Which patients, then, to test?

    Patients with Mendelian diseases. The rarer the disease, the more likely it is caused by variations in a single gene, said Dr. Stone. Therefore, it is appropriate to offer genetic testing to patients whose clinical features indicate a Mendelian disorder for which the causative gene is known.

    Dr. Wiggs provided a few examples of cases for which she offers testing to her glaucoma patients:

    • Babies with congenital glaucoma (CYP1B1 and LTBP2)
    • Children and teens with glaucoma (PITX2, FOXC1, PAX6, LMX1B, and mutations in the myocilin gene if a family history of glaucoma exists)
    • Adults younger than age 50 with glaucoma and a strong family history (mutations in the myocilin gene)
    • Patients with optic nerve disease and a family history of normal tension glaucoma but no personal history of elevated intraocular pressure (optineurin gene)

    In most cases, results of these tests do not alter treatment but are helpful for genetic counseling, said Dr. Wiggs. “We can screen all the other family members and identify who’s also at risk or a carrier.” However, in some cases, testing can separate those with slight and possibly benign ocular hypertension from, for example, those requiring medication at the earliest possible stage.

    “Unlike with early-onset glaucomas,” said Dr. Wiggs, “where mutations can be identified in only about 10 to 20 percent of patients, in retinal degenerations, there are more known genes, making it possible to identify a mutation in about 50 percent of patients, some of whom may be eligible for clinical trials.”

    Patients with other types of diseases also might benefit from genetic testing, said Dr. Wiggs, including those with eye movement disorders, optic neuropathies, and corneal dystrophies.

    Individuals with predisposing risk factors. Unlike the highly penetrant mutations of Mendelian diseases, risk alleles associated with complex diseases such as adult-onset glaucoma or age-related macular degeneration (AMD) are very common, said Dr. Wiggs. “People may have the risk alleles but not the disease—and they may never develop it.” There is simply a statistical association between particular risk factors and the predisposition to certain diseases, especially when those factors are combined with environmental risks. For this reason, routine genetic testing for genetically complex disorders is not recommended until specific treatment or surveillance strategies have proved to be beneficial in one or more published clinical studies. “What happens if you tell a 40-year-old they have an allele known to be associated with AMD?” asked Dr. Stone. “It just creates a fear of future vision loss without providing a means of reducing that risk that is any more effective than routine eye examinations. On the other hand, if someone came out of a lab and said, ‘I’ve got an inexpensive, safe, and effective oral medication that completely blocks the AMD-predisposing effect of the Y402H variant in complement factor H,’ you could justify testing everybody for that variant beginning that very day.”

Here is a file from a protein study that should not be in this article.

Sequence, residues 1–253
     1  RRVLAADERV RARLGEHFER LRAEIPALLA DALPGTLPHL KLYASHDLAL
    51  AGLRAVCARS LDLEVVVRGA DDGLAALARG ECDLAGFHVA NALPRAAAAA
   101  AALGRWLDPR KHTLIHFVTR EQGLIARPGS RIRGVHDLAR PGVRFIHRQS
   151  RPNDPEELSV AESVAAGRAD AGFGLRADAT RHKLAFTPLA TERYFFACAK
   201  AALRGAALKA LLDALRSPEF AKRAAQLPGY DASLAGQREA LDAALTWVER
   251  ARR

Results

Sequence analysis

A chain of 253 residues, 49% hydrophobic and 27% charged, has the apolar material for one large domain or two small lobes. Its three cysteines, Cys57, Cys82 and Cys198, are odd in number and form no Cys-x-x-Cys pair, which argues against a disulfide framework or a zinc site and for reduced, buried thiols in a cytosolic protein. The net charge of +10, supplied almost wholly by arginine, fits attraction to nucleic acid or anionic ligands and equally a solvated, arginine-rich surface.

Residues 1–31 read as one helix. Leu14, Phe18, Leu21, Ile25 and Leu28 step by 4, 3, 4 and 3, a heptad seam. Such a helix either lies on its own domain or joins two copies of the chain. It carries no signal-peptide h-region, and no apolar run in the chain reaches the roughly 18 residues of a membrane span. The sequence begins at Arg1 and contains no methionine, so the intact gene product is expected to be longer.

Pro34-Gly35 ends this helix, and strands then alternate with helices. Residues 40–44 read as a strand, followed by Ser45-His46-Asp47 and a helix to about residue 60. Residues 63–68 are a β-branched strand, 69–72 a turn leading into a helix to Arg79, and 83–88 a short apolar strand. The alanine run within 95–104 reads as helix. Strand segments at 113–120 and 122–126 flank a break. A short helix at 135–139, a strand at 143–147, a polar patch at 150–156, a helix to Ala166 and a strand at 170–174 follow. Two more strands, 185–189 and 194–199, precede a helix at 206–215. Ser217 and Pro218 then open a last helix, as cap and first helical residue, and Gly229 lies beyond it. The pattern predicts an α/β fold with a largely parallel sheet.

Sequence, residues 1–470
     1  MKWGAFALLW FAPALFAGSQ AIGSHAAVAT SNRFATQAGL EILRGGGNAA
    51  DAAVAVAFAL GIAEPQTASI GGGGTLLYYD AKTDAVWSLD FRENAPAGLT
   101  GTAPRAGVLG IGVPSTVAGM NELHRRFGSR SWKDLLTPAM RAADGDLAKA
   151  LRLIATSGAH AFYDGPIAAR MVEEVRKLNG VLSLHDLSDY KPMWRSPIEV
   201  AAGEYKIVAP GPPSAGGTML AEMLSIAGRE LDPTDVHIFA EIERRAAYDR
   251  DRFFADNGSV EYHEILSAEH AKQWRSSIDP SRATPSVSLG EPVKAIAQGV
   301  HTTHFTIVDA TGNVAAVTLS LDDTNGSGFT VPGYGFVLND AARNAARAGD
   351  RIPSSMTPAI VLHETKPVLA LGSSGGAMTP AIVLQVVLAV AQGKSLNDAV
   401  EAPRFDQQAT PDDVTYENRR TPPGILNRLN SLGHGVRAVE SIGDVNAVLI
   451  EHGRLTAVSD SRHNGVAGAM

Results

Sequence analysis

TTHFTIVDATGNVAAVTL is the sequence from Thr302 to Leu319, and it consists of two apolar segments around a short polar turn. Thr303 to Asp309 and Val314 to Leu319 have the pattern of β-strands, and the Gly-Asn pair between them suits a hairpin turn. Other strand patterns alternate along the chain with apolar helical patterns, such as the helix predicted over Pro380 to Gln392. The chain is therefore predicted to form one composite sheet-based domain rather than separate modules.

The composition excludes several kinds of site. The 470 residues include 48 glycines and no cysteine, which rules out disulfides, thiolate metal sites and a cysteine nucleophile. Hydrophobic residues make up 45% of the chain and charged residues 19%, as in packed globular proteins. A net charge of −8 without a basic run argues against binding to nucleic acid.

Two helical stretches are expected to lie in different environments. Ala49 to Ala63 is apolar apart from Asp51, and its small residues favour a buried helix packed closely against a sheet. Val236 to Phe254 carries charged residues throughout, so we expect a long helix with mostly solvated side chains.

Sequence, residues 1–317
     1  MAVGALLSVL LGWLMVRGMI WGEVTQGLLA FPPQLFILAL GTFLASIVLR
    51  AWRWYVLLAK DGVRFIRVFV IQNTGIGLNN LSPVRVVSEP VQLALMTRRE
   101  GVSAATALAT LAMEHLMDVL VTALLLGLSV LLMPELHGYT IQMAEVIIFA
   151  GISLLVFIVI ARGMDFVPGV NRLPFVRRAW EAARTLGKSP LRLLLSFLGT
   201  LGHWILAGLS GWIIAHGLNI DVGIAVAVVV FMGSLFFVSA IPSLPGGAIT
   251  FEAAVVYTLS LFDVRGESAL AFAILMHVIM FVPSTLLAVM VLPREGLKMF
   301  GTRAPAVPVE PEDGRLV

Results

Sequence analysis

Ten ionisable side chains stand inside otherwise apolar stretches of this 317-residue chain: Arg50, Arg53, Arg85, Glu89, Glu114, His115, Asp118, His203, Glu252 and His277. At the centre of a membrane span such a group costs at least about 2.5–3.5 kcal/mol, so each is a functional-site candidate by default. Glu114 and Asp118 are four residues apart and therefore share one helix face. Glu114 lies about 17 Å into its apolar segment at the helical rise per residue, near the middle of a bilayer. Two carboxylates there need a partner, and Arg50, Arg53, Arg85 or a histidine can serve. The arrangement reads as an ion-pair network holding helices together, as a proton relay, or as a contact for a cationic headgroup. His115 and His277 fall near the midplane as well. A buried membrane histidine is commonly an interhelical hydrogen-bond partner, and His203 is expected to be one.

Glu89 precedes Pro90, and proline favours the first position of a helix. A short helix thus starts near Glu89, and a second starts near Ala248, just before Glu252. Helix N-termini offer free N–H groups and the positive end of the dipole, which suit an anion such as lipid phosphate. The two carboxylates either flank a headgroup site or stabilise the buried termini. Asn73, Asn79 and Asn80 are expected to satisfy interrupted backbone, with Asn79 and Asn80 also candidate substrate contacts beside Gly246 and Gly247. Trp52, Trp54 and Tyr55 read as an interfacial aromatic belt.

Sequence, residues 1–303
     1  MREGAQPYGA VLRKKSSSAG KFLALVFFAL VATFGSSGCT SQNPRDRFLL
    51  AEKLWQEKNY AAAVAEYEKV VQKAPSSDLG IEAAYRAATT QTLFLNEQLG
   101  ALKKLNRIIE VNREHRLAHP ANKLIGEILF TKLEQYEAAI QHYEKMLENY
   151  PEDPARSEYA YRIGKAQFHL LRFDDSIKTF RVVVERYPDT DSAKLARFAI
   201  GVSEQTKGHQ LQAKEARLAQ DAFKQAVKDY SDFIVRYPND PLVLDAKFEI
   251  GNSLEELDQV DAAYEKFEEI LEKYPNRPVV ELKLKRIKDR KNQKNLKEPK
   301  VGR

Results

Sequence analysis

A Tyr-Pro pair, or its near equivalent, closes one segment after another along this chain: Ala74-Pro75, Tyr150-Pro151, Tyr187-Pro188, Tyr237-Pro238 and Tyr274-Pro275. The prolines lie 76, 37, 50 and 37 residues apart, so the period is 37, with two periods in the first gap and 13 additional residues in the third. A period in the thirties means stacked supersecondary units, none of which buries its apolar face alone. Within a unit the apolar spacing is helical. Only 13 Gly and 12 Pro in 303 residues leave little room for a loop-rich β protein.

Bottom line? Finding a genetic variant known to be associated with a complex disease in a specific individual doesn’t mean that the disease will occur. Likewise, the absence of such a variant does not guarantee lifelong protection from the disease.

    Avoid asymptomatic minors.
    Although adults with a dominant disease often ask to have their clinically unaffected children tested for the presence of a disease-causing mutation, Dr. Stone suggests avoiding this unless the disease is treatable. However, he recommends examining these children clinically, from time to time, until they reach adulthood. If they still have no sign of the disease as an adult and want information to help make decisions about starting their own families, they can then make that choice. “But if we make the decision for them now, it’s taken out of their hands.” In the few cases in which presymptomatic testing may be of benefit, both parents must agree to it, he said. “That’s because wanting to not know trumps wanting to know.”



    2 Stone EM et al. Invest Ophthalmol Vis Sci. 2011;52(13):9665-9673.

    3 Tucker B et al. Proc Natl Acad Sci USA. 2011;108(34):E569-E576.

    4 CLIA stands for Clinical Laboratory Improvement Amendments.

    5 Stone EM. Trans Am Ophthalmol Soc. 2003;101:437-484.


    Drs. Stone and Wiggs report no related financial interests.